Daily Dots (March 5, 2021): Club or high school volleyball factoids, notions and ideas to impress your friends (or not)

In today’s Dots, we discover club volleyball news through the power of Google! Let’s search “club volleyball” and see what comes up!

In Howard County, a Maryland volleyball hotbed, schools playing a COVID-shortened high school season this spring are trying to coexist with club ball. The Baltimore Sun article notes that over half the county schools have noted that they had at least one potential starter opt out, mostly to focus exclusively on playing club.

“The club schedule intentionally was set up where it starts over the winter and therefore doesn’t typically interfere with high school and college, but now with the change of seasons we are the ones infringing on them,” Atholton coach Larry Schofield told the paper. “It not only puts the kids in a tough spot, but also a lot of the coaches who coach both high school and club. There’s a lot of overlapping of practices and games.”

For players trying to honor both high school and club commitments, schools have the option to have varsity matches occur earlier in the day to accommodate evening club practices. And both high schools and clubs are trying to be mindful of burn out and wear and tear from too much volleyball, especially with high school matches scheduled for Mondays and Wednesdays. That doesn’t allow for much recovery time from weekend club events.

• With many big tournaments in Utah canceled by COVID, 435 Volleyball is hosting a twice-monthly Southern Utah Volleyball League for spikers in St. George, a city near the Arizona border but four hours from Salt Lake City.

The league gives local players a little bit of normalcy in their lives, Jenna Thorkelson told the St. George News.

• On Sunday, Priest River HS hosted the River City Invitational, the first USA Volleyball-sanctioned tournament of the season for club teams across North Idaho and parts of Eastern Washington. Meagan Mize, the Priest River head volleyball coach and founder of River City Volleyball, put it together and told the Bonner County Daily Bee that it was a big undertaking, but one Mize was willing to take on for the kids.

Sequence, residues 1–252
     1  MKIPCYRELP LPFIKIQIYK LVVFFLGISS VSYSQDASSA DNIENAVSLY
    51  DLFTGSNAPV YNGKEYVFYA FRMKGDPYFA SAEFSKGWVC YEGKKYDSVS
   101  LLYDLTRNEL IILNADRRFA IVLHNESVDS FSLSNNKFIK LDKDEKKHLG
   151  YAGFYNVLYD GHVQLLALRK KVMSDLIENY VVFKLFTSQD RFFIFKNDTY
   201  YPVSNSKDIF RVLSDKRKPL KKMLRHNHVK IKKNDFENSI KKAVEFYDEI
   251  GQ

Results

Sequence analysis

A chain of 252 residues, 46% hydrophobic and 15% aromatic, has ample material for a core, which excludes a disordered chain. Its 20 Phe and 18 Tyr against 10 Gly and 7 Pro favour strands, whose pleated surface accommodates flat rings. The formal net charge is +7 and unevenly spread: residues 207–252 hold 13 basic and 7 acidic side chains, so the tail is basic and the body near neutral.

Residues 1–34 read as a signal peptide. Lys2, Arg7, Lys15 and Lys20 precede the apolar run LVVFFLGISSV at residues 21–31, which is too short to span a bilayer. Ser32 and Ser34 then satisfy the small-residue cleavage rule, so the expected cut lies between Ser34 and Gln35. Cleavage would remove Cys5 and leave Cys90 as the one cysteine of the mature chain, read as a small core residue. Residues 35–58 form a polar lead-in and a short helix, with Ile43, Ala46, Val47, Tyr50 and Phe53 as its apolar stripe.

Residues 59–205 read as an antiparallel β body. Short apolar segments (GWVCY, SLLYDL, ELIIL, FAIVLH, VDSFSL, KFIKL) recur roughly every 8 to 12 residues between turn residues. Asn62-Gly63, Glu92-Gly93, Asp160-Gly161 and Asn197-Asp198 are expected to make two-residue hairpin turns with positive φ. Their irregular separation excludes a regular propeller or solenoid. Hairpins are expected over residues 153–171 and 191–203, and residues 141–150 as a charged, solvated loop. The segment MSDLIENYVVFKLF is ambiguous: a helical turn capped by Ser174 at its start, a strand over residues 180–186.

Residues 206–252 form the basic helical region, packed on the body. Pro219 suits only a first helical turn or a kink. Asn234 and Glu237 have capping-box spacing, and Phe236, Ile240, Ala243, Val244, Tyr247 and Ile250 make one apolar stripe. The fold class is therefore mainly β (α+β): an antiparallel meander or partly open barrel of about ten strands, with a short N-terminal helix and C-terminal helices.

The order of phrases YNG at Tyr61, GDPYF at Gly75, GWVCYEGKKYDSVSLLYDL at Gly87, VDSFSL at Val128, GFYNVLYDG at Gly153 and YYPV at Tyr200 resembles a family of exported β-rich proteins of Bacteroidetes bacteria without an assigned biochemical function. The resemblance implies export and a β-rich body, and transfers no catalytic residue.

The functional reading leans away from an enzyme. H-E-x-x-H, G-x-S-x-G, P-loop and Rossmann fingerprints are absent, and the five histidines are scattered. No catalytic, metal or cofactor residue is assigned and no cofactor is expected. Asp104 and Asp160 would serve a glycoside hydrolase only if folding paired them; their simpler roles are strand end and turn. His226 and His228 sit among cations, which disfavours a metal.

North Idaho teams usually travel to Spokane to play, but with Washington slower to allow club volleyball to get started than Idaho, something had to be done, Mize said, to save another season.

“It was really apparent that Washington really wasn’t going anywhere and I just felt the need to try and pull it off,” she told the paper.

 A number of teams from Washington made the trip across the border to play.

Plans are advancing for a new facility that would house the Epic United Volleyball Club in Merrillville, Indiana, according to the Northwest Indiana Times. Epic has proposed constructing a 60,000-square-foot building that would have four basketball courts that can be converted to eight volleyball courts, Councilman Shawn Pettit said. The facility would offer athletic instruction and sports tournaments.

“It is a part of the overall plan for the town of Merrillville multipurpose recreational campus,” Merrillville Planning and Building Director Sheila Shine told the paper.

Merrillville currently owns the 3-acre parcel, but there is a purchase agreement in place to sell the land for about $86,000 to Epic.

• PrepVolleyball.com, the company I founded in 2003, has a new staff writer to replace recently-departed Sloane Green. Her name is either McKenna Reagan or McKenna Meagher, as the “About Me” article is a bit unclear. McKenna has Nebraska roots, a degree in journalism, played college volleyball and now coaches club. She could be good!